The Definition of Complementarianism

Yesterday, I reposted an article on what I believe about women and men and why I’m not a feminist or an egalitarian. Part of my article discussed how complementarianism as a movement has been defined. There was some confusion over my comments, so I’d like to make some clarifications.

First, here are my beliefs about women and men. These are what I believe:

  • God made man: male and female in the image of God
  • In Christ, male and female are equal before God
  • Husbands are called to sacrificial, servant leadership of their wives, loving them as Christ loves the church
  • Wives are called to voluntary submission to their husbands, submitting to them as the church submits to Christ
  • Ordination is restricted to qualified men in the church
  • Marriage is between one man and one woman, ideally for life
  • Men and women need each other and depend on each other

The following beliefs about women and men are prevalent in complementarian teaching (I’ll get to that in a moment). I do NOT believe the following:

  • women were created to be submissive, responsive, soft
  • men were created to be leaders, providers, strong
  • men are supposed to be priests for their families
  • women are supposed to be at home and not in the workforce (unless there’s a really good reason, but even then)
  • divorce is wrong even when there is biblical justification for it
  • the eternal subordination of the Son, especially as it is applied to men and women
  • all women are rebellious feminists at heart and men must put down that rebellion (an interpretation of Genesis 3:16)

To clarify, these are commonly taught within complementarianism. That does not mean that everyone who calls him/herself a complementarian believes these things. I know many do not. As I said immediately following this list in my article, the point was that when I critiqued these particular teachings, I was called a feminist, a closet egalitarian, or a “thin” complementarian, i.e not a “true” complementarian. The comments were somewhat tongue-in-cheek, because no one should have to hold to these beliefs to maintain their conservative creds.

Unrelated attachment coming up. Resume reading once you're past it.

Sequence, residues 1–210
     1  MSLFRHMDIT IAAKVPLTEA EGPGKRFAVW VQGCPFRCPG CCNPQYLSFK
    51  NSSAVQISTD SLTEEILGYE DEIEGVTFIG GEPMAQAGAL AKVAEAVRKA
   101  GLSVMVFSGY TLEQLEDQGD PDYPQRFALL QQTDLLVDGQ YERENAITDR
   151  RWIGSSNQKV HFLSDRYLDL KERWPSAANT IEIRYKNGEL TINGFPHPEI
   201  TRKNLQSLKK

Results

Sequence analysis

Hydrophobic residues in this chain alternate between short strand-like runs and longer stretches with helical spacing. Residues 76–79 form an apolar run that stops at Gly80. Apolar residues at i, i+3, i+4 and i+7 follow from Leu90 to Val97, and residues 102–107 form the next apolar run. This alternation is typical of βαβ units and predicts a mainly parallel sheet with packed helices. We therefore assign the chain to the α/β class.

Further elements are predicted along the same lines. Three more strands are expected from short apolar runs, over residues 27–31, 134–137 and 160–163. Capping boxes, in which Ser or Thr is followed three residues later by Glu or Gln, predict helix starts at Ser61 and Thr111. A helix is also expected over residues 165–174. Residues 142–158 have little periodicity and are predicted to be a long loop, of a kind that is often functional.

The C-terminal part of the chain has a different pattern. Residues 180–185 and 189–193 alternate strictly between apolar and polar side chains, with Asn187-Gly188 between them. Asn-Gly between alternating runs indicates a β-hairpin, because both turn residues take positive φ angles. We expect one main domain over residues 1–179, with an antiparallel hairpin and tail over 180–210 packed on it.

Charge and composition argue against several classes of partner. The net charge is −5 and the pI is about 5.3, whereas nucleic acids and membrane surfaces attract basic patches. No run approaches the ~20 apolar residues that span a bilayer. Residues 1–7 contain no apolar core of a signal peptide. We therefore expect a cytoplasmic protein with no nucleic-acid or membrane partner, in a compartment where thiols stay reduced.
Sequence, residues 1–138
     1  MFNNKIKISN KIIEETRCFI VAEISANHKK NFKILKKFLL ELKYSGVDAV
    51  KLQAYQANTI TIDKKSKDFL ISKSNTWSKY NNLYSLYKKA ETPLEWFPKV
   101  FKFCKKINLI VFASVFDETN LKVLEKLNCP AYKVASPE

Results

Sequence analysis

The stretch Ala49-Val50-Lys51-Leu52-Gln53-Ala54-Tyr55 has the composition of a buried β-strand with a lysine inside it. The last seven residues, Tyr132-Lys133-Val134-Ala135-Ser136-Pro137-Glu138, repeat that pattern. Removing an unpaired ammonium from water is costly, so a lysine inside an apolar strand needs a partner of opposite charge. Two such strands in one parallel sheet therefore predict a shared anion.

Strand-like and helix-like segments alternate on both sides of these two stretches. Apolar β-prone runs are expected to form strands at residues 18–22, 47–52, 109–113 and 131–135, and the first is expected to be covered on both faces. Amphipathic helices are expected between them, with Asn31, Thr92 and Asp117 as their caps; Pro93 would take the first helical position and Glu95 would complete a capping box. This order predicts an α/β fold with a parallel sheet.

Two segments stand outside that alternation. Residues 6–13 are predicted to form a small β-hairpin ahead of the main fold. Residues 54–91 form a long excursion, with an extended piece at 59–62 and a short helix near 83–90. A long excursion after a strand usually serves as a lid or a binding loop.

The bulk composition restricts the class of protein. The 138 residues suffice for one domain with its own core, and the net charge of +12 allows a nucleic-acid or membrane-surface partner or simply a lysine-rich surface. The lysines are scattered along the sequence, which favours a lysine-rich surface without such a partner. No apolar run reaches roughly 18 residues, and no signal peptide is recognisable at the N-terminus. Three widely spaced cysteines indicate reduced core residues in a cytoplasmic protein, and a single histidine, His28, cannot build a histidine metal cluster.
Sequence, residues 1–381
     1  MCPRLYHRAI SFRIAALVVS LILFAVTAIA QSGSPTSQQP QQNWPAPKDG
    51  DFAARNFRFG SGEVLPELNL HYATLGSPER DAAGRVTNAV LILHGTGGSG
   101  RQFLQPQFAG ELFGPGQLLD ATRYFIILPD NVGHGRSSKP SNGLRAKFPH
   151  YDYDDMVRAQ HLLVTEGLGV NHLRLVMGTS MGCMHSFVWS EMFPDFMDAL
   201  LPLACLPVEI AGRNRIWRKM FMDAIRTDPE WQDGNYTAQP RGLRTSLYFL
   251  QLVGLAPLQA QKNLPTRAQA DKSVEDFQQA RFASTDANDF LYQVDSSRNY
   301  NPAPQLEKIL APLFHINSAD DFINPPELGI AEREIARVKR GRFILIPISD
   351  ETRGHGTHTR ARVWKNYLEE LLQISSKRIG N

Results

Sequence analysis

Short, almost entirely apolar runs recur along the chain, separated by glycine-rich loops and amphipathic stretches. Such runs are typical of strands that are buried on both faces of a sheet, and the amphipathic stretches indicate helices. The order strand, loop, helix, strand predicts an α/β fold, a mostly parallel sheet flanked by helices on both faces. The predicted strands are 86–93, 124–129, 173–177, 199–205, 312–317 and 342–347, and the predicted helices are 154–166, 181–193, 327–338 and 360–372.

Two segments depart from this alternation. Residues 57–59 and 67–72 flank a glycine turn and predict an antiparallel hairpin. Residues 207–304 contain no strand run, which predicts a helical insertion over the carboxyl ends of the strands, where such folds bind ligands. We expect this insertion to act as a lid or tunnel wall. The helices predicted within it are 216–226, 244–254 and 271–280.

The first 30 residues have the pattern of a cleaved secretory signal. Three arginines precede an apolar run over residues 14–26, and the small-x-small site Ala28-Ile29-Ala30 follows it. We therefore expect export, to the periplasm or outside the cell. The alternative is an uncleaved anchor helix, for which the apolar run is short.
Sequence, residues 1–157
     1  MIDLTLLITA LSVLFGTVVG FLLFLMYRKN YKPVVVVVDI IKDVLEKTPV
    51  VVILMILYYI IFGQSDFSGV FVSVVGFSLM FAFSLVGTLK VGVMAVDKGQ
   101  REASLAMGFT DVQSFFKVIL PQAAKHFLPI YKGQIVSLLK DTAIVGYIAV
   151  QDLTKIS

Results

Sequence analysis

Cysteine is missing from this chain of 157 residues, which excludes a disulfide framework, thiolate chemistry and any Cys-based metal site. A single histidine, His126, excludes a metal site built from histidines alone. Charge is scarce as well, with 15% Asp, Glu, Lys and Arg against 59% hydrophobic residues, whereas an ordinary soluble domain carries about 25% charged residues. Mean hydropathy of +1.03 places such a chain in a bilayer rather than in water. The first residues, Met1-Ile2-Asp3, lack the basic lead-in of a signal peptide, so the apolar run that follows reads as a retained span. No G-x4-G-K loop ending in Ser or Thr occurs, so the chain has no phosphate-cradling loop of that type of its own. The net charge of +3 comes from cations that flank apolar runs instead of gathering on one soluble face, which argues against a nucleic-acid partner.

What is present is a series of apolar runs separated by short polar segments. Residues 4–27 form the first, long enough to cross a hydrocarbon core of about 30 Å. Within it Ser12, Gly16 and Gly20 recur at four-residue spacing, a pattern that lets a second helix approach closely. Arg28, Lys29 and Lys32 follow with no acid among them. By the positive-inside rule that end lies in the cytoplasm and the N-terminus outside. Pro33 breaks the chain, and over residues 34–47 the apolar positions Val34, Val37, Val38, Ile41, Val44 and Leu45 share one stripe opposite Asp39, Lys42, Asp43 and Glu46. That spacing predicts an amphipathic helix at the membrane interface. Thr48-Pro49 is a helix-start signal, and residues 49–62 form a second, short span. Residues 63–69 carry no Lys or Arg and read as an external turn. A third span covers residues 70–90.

But my comments about what makes a “true” complementarian are based in fact. Each of those points on the list are taught by the people who founded and defined the complementarian movement. Brief history lesson (for those who may not know), in response to the feminist movement (2nd wave), some concerned Christians founded the Council for Biblical Manhood and Womanhood (CBMW). They chose the term complementarian to describe their beliefs because it “suggests both equality and beneficial differences between men and women.” They rejected traditionalist because it “implies an unwillingness to let Scripture challenge traditional patterns of behavior” and hierarchicalist because it “overemphasizes structured authority while giving no suggestion of equality or the beauty of mutual interdependence.” [1]

The Danvers Statement, which was published in January 1989, outlines CBMW’s philosophy. In addition to the Danvers Statement, CBMW published a collection of essays on complementarianism in 1991. The collection, which was edited by Wayne Grudem and John Piper, was published as Recovering Biblical Manhood and Womanhood: A Response to Evangelical Feminism. Together, the Danvers Statement and this publication define complementarianism as a movement. Since then, many of the founders and council members of CBMW have written extensively on biblical manhood and womanhood. These writings are what I referenced in my summary.

Here are some examples of CBMW authors defining complementarianism as I summarized.

Women were created to be submissive, responsive, soft:

At the heart of mature femininity is a freeing disposition to affirm, receive and nurture strength and leadership from worthy men in ways appropriate to a woman’s differing relationships.

John Piper, Recovering Biblical Manhood and Womanhood (Wheaton: Crossway Books, 2006), 48.

Softness is at the core of what it means to be a woman … A woman is a responder. Having a receptive, responsive spirit is at the core of what it means to be a woman. A godly woman is an “amenable” woman – an agreeable woman. … It finds its expression in married life through a wife’s submission to her husband. But a soft, amenable disposition isn’t just for married women. It’s for women of all ages, regardless of marital status.

Mary Kassian and Nancy Leigh DeMoss, True Woman 101: Divine Design (Chicago: Moody Publishers, 2012), 63, 69-70, Nook version.

Men were created to be leaders, providers, strong: